Fifteen times we approached the mother and calf when they surfaced, and then we jumped in the water and swam as fast as we could toward them. Each time the whales sounded before we reached them. The boat captain gave us one last chance as he was low on fuel and it was time for us to get back on the slower boat to be taken back to Neiafu. The three of us dove in with fins kicking as hard and fast as we could. Anjo told us splashing bothers whales, so we kicked with our fins below the surface and didn’t stroke with our arms to minimize splashing.

Mother Humpback

The mother and calf didn’t dive this time. They swam just below the surface staying about twenty yards ahead of us. Tashio, the Japanese guy, tired from the fifteen times we had already swam after the whales, gave up the chase after about fifty yards. Kevin, the Floridian, broke off after one hundred yards. I kept kicking. After another fifty yards of pursuit, the whales stopped. The mother let me swim up beside her, but kept her baby on her other side away from me. I swam up beside her huge eye, turned on my side and looked through my snorkel mask into her eye, which was as big as my head. She looked back at me. Our eyes locked. Time stopped. It was if we were looking into each other’s souls.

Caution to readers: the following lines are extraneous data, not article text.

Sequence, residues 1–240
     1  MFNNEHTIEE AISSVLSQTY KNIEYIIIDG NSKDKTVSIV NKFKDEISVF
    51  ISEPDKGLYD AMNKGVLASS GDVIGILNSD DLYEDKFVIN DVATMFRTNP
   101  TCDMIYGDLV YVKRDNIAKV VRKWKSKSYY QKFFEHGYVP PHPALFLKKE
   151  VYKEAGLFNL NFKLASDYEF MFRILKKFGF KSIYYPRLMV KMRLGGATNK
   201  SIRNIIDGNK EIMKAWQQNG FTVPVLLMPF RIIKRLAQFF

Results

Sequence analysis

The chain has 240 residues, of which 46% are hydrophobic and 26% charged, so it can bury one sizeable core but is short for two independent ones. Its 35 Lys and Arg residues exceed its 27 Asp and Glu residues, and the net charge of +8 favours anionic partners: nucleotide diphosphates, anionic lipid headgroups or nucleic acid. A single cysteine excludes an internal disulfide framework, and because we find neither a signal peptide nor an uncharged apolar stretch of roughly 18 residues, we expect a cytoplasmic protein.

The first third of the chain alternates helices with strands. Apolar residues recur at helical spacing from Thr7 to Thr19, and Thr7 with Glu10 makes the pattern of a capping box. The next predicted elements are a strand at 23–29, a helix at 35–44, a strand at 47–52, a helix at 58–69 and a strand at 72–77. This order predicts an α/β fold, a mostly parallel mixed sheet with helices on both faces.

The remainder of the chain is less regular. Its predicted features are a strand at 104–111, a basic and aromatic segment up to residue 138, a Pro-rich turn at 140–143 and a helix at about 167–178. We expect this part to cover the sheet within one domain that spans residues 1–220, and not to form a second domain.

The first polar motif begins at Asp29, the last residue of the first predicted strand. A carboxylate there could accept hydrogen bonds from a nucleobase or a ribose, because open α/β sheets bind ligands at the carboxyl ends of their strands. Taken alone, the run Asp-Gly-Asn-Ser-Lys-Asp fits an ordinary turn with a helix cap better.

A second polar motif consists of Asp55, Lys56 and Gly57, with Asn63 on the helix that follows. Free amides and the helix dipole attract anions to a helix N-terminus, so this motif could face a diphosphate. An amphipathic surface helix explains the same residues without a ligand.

She rolled and nudged her calf with her flipper to encourage the calf to swim over to me. The baby whale swam up to me, swam under me, then circled around me, and let me caress its tail. It was extraordinarily smooth to my touch. The calf returned to its mother’s side. They began to swim off slowly. I swam with them for about one hundred yards, but then another whale-watching boat approached. The mother gave on great flick of her tail and they vanished deep into the dark water below me.

I stroked back to the speedboat and clambered up the ladder and dropped over the gunwale. I could barely stand. My legs were vibrating and shaking so much from the thrill and power of the encounter. For a few moments, the otherness separating the mother whale and me had vanished. We looked into each other’s eyes and saw trust and acceptance, instead of fear and danger. She trusted me to caress her baby. I trusted that she would not crush me like a minnow with her gigantic tail. I can still see her awesome eye in my mind’s eye. And I remember how she trusted me with her baby. It would be a good thing for our finite planet if humans could see the soul of all other species, especially the endangered ones.

The Author; Nightfall on the Outer Islands of Vava’u